It is no secret that computing resources are rapidly migrating from physical infrastructure to a combination of physical, virtual and cloud environments. A similar trend is also evident in the networking space, with network control logic shifting from proprietary hardware-based platforms to open source software-based platforms (SDN or Software Defined Networking).
I recently built a simple gateway/router using firewalld and NAT on CentOS 7 and thought I’d share the firewall-cmd commands used. The machine in question was used as a gateway/router for two VMWare virtual networks being used by students to build Windows domains. As their domain controllers were running DHCP servers, their networks had to be isolated from the TAFE (college) network and each other to avoid problems, but the students also needed access to the TAFE network for DNS forwarding and internet access purposes.
Apart from a stint with Slackware, I’ve been squarely in the Red Hat ecosystem since around the year 2000 when I first got into Red Hat Linux 6.0. Today my production servers run CentOS 7 and it does a great job. Nevertheless I am currently evaluating FreeBSD as a server operating system to run what is now my standard stack: Nginx, PHP-FPM and MariaDB.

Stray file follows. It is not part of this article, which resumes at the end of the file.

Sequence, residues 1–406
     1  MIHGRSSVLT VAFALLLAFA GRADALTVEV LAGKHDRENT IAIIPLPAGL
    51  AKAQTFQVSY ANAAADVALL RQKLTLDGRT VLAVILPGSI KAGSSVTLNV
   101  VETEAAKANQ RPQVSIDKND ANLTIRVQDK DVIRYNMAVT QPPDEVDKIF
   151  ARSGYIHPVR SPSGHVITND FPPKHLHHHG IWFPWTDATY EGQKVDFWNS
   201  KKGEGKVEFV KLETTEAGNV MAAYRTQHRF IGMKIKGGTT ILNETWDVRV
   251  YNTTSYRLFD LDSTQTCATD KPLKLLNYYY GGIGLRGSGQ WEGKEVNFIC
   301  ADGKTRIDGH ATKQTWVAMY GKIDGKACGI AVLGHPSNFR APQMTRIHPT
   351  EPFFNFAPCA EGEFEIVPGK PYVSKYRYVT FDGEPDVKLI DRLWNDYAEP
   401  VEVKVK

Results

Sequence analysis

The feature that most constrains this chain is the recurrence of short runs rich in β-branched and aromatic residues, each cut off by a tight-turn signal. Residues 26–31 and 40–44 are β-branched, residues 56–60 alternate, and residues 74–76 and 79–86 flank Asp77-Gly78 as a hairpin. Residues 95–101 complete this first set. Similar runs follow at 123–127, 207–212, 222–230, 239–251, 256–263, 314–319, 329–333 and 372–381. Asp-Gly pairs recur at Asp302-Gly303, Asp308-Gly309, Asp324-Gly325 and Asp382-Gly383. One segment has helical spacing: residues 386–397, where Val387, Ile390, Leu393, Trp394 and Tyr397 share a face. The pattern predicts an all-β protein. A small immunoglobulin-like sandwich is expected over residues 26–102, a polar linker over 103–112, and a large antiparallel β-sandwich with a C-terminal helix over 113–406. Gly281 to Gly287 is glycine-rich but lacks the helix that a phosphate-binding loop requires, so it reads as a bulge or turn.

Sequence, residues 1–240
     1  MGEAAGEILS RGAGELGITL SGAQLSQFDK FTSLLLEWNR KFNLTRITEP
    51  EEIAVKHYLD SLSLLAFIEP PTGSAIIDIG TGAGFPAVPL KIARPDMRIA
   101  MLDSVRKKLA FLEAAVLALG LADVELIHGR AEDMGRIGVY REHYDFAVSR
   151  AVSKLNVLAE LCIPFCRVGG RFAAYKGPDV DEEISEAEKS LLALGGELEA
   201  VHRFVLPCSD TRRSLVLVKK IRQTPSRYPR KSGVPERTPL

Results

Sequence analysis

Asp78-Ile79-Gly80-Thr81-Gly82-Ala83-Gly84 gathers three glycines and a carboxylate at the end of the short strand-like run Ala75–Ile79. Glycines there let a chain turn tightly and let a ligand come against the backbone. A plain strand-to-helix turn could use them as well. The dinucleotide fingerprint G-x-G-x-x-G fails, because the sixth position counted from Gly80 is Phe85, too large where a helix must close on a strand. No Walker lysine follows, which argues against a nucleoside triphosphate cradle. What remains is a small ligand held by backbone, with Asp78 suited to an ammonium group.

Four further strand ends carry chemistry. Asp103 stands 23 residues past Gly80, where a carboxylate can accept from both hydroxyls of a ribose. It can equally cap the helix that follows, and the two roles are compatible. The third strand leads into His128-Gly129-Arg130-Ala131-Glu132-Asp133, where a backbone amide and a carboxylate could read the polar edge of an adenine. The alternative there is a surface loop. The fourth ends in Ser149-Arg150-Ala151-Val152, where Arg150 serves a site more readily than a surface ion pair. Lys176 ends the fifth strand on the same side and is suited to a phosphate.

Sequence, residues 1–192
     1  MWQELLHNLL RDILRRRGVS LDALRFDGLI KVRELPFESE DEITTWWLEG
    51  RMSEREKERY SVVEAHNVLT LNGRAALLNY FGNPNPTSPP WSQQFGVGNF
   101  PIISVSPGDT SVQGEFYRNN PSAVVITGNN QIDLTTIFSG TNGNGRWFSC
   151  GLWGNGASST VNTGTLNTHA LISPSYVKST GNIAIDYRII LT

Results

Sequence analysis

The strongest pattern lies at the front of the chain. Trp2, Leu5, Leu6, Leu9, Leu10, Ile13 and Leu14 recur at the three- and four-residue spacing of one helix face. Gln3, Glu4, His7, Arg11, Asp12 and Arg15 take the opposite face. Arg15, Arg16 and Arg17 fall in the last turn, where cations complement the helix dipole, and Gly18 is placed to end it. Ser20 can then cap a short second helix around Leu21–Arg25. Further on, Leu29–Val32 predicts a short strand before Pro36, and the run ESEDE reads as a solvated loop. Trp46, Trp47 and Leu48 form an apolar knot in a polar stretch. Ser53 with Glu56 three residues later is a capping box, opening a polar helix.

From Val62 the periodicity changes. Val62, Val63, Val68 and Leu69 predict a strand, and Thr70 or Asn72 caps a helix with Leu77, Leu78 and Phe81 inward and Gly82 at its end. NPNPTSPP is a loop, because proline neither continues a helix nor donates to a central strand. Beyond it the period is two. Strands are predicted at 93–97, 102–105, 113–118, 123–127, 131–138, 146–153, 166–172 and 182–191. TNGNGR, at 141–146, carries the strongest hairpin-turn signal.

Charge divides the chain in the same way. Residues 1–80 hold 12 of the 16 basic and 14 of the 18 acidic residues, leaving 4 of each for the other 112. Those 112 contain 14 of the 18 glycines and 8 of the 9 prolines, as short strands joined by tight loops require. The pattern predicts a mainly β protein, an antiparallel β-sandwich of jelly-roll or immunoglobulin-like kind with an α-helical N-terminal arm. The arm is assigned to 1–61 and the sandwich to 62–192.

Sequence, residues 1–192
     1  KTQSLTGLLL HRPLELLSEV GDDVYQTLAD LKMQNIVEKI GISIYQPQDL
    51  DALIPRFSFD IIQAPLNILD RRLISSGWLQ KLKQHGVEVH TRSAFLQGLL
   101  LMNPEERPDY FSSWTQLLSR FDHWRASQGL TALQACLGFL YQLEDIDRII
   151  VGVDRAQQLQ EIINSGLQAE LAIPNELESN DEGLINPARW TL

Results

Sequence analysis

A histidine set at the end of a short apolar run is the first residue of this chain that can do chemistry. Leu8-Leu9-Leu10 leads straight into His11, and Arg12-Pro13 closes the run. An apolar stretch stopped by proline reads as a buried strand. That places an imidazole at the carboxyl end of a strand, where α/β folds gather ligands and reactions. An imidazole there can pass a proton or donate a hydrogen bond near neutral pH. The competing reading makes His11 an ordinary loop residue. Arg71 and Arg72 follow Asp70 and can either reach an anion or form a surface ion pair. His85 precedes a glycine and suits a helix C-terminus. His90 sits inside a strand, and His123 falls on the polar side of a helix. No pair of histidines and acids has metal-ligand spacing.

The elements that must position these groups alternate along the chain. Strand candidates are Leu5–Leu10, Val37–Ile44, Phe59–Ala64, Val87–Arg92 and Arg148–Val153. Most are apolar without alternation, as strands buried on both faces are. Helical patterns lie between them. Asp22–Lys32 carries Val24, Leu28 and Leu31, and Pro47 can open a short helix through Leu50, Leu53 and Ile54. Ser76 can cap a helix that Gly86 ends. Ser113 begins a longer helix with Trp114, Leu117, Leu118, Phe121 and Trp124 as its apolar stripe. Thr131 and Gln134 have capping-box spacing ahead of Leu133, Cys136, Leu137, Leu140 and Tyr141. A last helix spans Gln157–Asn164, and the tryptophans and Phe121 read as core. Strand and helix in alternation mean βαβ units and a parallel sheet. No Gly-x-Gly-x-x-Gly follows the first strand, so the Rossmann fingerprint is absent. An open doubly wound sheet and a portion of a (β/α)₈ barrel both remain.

CentOS 7 is a rock-solid development and production platform, but this stability often means that default web-related packages are outdated. It turns out golang is no exception: the default CentOS 7 version is 1.4, whereas I wanted 1.6. There have been some changes in golang project layout between the two versions and I figured I may as well get with the program and update before starting a new API project.
I recently upgraded my development laptop to CentOS 7 and while I was at it built a spare laptop running the same operating system. After manually creating a dozen MySQL databases and users and then importing their data from dump files on one laptop, I wasn’t interested in going through exactly the same process again on the second laptop.